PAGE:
1. I lived all over western Canada - and by all over, I mean in at least 30 different houses/apartments. None had a garbage disposal. In Sri Lanka and Singapore, no garbage disposal - at least another half dozen places. Auckland, New Zealand had a garbage disposal.

                                                                                  1. Pretty much any house or apartment in Los Angeles County built or upgraded since WW2 has one. Our 1908 house was rehabbed in 1986; we replaced the Insinkerator they installed then a couple of years ago. I use it judiciously, vegetable and fruit peels mostly, and follow the instructions our Home Warranty people hand out, figuring that since they paid for the current disposal unit they probably would rather not do that again.

                                                                                    I'd never had one before this, and while it's useful I could probably do well without it. It's just another tool.

                                                                                    1. I used to work with a guy who told me a story about when he was a teenager he worked in a hospital kitchen (I think he was a dishwasher/grunt). They had an industrial type garbage disposal and he said they used to amuse themselves by putting Coke bottles into it and apparently they went down without a problem. (Although I have not seen him in years, I think he's probably doing ok. His dad was a doctor and started an HMO with some other doctors about 35 years ago.)

                                                                                      1 Reply
                                                                                      1. re: John E.

                                                                                        Disposal salesmen did that 50 years ago to demonstrate them. For one thing, it's tidier when the unit isn't connected to a drain.

                                                                                      2. I have always had them in houses but have never lived in a high-rise apartment building where they were even allowed.

                                                                                        1. I've only lived in one house without a garbage disposal. I've lived in 4 different states as an adult.

                                                                                          1. I grew up in the small town of Jasper, Indiana. Jasper gained some notice in 1948 as the first town in history to "outlaw garbage." What they did was build a large and capable sewage treatment plant, outlaw the storage or burning of food waste within the city limits, and put out a contract for a major appliance maker (GE got the contract) to provide and install, at very favorable prices, garbage disposals in every house in town in which the owner wanted one. In effect that meant 100% of the town, and Jasper had the first city-wide fully-integrated waste disposal system on the planet. Everybody lived happily ever after.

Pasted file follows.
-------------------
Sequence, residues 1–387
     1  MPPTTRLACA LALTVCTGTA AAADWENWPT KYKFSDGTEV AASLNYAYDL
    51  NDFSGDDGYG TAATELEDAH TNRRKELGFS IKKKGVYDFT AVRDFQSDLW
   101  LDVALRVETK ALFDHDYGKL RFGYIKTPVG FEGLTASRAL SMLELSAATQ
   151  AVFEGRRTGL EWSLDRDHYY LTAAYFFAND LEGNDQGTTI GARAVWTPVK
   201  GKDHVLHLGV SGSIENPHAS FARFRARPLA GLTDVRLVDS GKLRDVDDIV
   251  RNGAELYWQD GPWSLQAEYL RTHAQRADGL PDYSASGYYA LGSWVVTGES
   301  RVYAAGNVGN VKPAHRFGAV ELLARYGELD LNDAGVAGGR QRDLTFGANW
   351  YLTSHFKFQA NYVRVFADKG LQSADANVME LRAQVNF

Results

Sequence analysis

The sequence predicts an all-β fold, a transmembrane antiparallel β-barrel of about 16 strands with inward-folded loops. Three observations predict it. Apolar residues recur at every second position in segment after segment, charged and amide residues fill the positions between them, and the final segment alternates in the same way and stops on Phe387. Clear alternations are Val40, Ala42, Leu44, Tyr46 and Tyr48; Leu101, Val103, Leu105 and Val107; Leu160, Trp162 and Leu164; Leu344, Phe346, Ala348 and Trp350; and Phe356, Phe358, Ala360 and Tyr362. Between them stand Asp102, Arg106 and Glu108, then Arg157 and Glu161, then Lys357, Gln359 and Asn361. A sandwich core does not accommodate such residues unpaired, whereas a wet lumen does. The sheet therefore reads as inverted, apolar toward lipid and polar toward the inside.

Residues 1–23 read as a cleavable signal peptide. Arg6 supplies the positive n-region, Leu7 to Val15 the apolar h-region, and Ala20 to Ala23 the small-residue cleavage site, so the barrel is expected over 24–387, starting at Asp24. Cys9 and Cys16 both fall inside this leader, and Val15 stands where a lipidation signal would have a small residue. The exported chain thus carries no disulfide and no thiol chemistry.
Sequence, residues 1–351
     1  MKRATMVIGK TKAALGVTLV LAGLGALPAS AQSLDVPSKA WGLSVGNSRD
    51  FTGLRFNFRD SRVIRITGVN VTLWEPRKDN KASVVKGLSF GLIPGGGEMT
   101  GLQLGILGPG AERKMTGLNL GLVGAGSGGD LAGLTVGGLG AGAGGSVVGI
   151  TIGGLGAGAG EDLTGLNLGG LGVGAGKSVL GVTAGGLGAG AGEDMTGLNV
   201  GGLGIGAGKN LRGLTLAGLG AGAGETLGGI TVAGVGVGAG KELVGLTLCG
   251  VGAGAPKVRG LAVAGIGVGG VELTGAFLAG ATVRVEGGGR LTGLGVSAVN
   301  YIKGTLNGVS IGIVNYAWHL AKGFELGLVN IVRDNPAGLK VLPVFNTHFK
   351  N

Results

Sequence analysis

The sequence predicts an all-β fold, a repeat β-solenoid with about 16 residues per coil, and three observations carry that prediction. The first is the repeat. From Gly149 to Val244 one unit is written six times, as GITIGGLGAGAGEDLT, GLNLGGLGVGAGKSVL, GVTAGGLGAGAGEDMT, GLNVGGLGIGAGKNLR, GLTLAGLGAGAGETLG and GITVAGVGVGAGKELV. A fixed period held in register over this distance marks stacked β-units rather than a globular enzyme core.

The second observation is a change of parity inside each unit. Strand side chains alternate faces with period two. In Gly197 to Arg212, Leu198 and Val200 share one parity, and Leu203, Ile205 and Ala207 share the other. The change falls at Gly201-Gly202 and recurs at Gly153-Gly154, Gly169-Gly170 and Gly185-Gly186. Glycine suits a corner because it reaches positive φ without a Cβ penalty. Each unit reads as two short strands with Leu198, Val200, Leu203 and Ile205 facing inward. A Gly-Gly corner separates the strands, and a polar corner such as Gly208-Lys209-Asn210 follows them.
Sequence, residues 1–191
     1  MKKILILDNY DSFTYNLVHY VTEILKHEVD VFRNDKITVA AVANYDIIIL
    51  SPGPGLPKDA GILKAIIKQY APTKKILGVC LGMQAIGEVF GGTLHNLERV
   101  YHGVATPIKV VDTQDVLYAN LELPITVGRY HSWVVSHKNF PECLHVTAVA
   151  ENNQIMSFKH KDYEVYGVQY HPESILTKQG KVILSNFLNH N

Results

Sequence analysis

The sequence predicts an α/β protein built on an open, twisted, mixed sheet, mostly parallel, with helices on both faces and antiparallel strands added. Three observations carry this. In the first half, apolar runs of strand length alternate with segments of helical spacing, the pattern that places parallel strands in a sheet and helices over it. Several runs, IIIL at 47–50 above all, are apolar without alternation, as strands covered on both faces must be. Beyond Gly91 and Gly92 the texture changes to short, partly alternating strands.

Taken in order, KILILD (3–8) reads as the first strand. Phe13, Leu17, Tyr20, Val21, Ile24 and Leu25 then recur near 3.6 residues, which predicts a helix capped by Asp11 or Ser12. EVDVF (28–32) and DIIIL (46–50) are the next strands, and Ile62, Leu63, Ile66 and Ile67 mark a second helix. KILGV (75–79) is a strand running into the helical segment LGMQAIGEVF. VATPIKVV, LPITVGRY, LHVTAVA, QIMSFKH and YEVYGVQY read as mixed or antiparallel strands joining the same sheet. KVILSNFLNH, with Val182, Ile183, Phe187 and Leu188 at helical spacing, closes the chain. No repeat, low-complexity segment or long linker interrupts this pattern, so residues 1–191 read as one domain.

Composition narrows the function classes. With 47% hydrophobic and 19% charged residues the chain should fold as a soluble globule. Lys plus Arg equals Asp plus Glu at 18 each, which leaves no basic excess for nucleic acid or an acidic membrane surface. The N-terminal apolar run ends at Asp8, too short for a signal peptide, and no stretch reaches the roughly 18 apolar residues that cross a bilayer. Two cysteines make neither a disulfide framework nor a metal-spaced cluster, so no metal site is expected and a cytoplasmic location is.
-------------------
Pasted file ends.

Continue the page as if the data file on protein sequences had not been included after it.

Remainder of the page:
Several years later I was riding an airplane, opened a copy of Time, and my jaw dropped when I saw an aerial photo of my home town -- it was a GE ad talking about their role in "the town that outlawed garbage."

                                                                                            A digression -- Jasper also was the home of the famous "Bionic Bill," the second artificial heart recipient. He didn't live happily or otherwise for very long, unfortunately.

                                                                                            1. They're almost universal for homes on sewer in my part of Florida that's lagely been built after 1950.

                                                                                              On the flip side, I don't know anyone who composts food waste, largely over concerns that food waste left outside will draw the wrong kind of critters including some dangerous snakes.

                                                                                              1. I'm surprised by many of these answers. I've had a garbage disposal for at least the last half century, and probably more, except for the less-than-a-year we lived in Greece. I've never had a problem feeding anything to them, including egg shells, pasta, coffee grounds, or lettuce. However, now that I am ancient-of-age and a housekeeper is a must, that's the first lesson a new housekeeper gets: Do NOT turn on the garbage disposal unless water is running, and don't turn the water off for at least twenty seconds after the garbage disposal is turned off And anyone who puts flatware in the garbage disposal gets staked to an ant hill for three days. No exceptions!.

                                                                                                1 Reply
                                                                                                1. re: Caroline1

                                                                                                  Ugh! Try training a husband like mine in clean disposer use! If I'm not around to catch him he just turns water and disposer off at the same time, often before things are completely ground up and rinsed away. No amount of explaining changes this habit. So I just follow behind; otherwise the stink is terrible!

                                                                                                2. I live in South FLorida where nearly all the construction is new (in the last 20 years) and garbage disposals are ubiquitous here. I have come to rely on mine because I am a big drinker of loose-leaf tea, which is the devil to clean up after if you don't have a garbage disposal.

                                                                                                  Otherwise, I don't tend to put a lot down it--I scrape my plates before I rinse them, so mostly it just alleviates the cleaning of the drain strainer.